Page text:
Home Topic Education Youth group questions “discriminatory” provisions in student handbook

Youth group questions “discriminatory” provisions in student handbook

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By MONICA CUTIN
www.nordis.net

SAN FERNANDO CITY, La Union — The Youth Act Now Against Tyranny (YANAT)-Ilocos questioned the new student handbook of Don Mariano Marcos Memorial State University (DMMMSU), particularly the Revised Student Code of Discipline, saying some of its provisions are “repressive and discriminatory.”

The group particularly identified sections under Article 2 or Norms of Conduct mandated for students. YANAT claimed the rule violated the student’s freedom of expression guaranteed under the Constitution.

Under the cited provision, the university required “appropriate and decent attire” inside the campus and in school activities. It went on to prohibit “shorts, backless, sleeveless, plunging necklines, micro miniskirts, spaghetti straps, hanging shirts and blouses, tight-fitting jeans, leggings, tattered jeans, and see-through blouses.” DMMMSU also forbid their students to wear slippers (flip-flops) and dye their hair, body piercing, and tattoos on their exposed body parts.

In particular, the administration barred male students from wearing earrings, make-ups, and cross-dressing. Meanwhile, they discourage females from using big and dangling earrings.

A section of the assailed DMMMSU Student Handbook

“Hindi naman nakakaapekto sa pag-aaral ng isang estudyante ang kanyang personal na itsura, kung ano mang piniling kasarian nito at kasuotan (The personal appearance, gender preference, and dress do not affect the academic performance of students),” said Emir Catbagan, YANAT convener and spokesperson.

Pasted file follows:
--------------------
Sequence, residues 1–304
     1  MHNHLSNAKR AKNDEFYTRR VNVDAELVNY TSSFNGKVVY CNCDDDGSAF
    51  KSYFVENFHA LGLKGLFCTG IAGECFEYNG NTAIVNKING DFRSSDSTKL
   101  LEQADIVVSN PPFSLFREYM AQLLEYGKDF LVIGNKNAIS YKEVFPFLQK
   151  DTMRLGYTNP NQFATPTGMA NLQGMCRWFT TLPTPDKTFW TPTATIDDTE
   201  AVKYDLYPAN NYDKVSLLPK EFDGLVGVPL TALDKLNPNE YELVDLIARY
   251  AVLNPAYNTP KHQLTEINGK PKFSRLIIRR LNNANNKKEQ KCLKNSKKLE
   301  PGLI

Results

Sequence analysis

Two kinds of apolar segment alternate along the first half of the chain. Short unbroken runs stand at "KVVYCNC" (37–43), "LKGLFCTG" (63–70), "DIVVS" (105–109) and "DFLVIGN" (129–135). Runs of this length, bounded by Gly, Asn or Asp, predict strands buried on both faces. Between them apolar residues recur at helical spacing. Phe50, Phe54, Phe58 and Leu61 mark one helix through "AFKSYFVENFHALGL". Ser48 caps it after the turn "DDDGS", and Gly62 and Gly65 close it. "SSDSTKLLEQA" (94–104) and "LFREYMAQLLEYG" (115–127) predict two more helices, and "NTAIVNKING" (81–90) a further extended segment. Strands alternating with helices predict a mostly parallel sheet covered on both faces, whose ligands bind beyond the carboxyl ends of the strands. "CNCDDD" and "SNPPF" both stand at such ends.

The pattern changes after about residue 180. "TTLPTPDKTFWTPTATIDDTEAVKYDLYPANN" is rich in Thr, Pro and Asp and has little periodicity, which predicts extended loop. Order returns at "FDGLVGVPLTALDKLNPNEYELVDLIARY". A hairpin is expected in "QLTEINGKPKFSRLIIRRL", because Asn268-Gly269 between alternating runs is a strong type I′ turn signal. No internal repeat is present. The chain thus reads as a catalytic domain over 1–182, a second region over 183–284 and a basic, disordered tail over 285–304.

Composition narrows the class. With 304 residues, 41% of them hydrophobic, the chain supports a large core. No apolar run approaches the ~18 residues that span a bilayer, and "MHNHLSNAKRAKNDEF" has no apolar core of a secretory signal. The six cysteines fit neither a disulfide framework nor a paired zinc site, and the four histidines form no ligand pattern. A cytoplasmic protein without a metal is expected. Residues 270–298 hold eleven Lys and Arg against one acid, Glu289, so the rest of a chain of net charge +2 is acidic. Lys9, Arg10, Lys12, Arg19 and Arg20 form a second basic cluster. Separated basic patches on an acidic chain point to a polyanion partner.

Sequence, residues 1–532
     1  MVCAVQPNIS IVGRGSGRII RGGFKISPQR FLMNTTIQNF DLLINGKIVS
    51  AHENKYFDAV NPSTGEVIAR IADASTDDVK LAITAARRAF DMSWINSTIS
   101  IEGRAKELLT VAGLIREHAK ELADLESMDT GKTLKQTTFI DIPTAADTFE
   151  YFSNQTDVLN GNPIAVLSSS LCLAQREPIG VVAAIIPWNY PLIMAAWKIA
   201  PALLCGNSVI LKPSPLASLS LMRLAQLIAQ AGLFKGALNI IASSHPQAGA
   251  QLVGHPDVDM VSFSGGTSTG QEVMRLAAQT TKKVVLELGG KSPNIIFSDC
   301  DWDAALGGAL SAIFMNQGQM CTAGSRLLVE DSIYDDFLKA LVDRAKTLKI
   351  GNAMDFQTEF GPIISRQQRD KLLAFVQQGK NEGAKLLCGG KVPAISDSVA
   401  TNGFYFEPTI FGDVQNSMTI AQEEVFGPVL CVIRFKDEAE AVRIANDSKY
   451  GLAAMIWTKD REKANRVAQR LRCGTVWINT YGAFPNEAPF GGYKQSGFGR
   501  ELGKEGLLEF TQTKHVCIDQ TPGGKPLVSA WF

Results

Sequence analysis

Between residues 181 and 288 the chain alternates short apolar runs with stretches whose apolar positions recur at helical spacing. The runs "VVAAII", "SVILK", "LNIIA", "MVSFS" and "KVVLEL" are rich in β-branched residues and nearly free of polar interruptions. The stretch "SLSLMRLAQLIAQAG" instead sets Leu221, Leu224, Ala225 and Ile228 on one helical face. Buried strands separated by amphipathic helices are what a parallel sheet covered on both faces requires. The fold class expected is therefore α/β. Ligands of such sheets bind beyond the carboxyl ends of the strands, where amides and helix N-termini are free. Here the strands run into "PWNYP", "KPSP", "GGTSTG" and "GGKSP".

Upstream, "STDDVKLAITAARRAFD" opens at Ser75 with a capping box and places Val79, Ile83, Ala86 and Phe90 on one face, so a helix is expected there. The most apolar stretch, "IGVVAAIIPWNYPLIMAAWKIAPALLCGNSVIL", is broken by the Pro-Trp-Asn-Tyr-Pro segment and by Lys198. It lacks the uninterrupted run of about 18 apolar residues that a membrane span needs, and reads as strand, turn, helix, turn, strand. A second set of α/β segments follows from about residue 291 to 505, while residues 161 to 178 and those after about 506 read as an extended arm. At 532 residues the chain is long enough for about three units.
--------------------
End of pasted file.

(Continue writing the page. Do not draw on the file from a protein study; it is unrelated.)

According to him, “hindi rin maaring itakda ng pananamit at itsura ng isang mag-aaral ang kanyang moralidad at pagiging responsableng kasapi ng paaralan at lipunan (The attire and appearance of students also do not say their morals and how responsible they are in their school and society.”

He underscored that restrictions about personal appearances and preferences, which do not necessarily violate the rights of others, run contrary to the “attainment of a just, compassionate and orderly society” that the same handbook mandates.

A specific section (Art.2 Sec. 4) of the handbook also requires those who are pregnant out of wedlock to take a leave of absence.

“When it is already apparent or upon determination of her pregnancy, the student shall take a leave of absence and may return only after giving birth,” the rule said.

Catbagan noted that the provision is a gender-based administrative measure that restricts female students from continuing their studies, “an outright discriminatory policy,” he stressed.

He said the rule violates Republic Act No. 9710 or the Magna Carta for Women. The law prohibits “the expulsion, non-readmission, prohibiting enrollment and other related discrimination against women students and faculty due to pregnancy outside of marriage.”

The group is asking the school administration to review the manual and revoke the provisions that violate the fundamental rights of individuals. They also urge the officials to conduct inclusive dialogues on the issue. YANAT already initiated a petition with several students from DMMMSU Mid La Union Campus. # nordis.net/ Featured image from DMMMSU-MLUC official website image library

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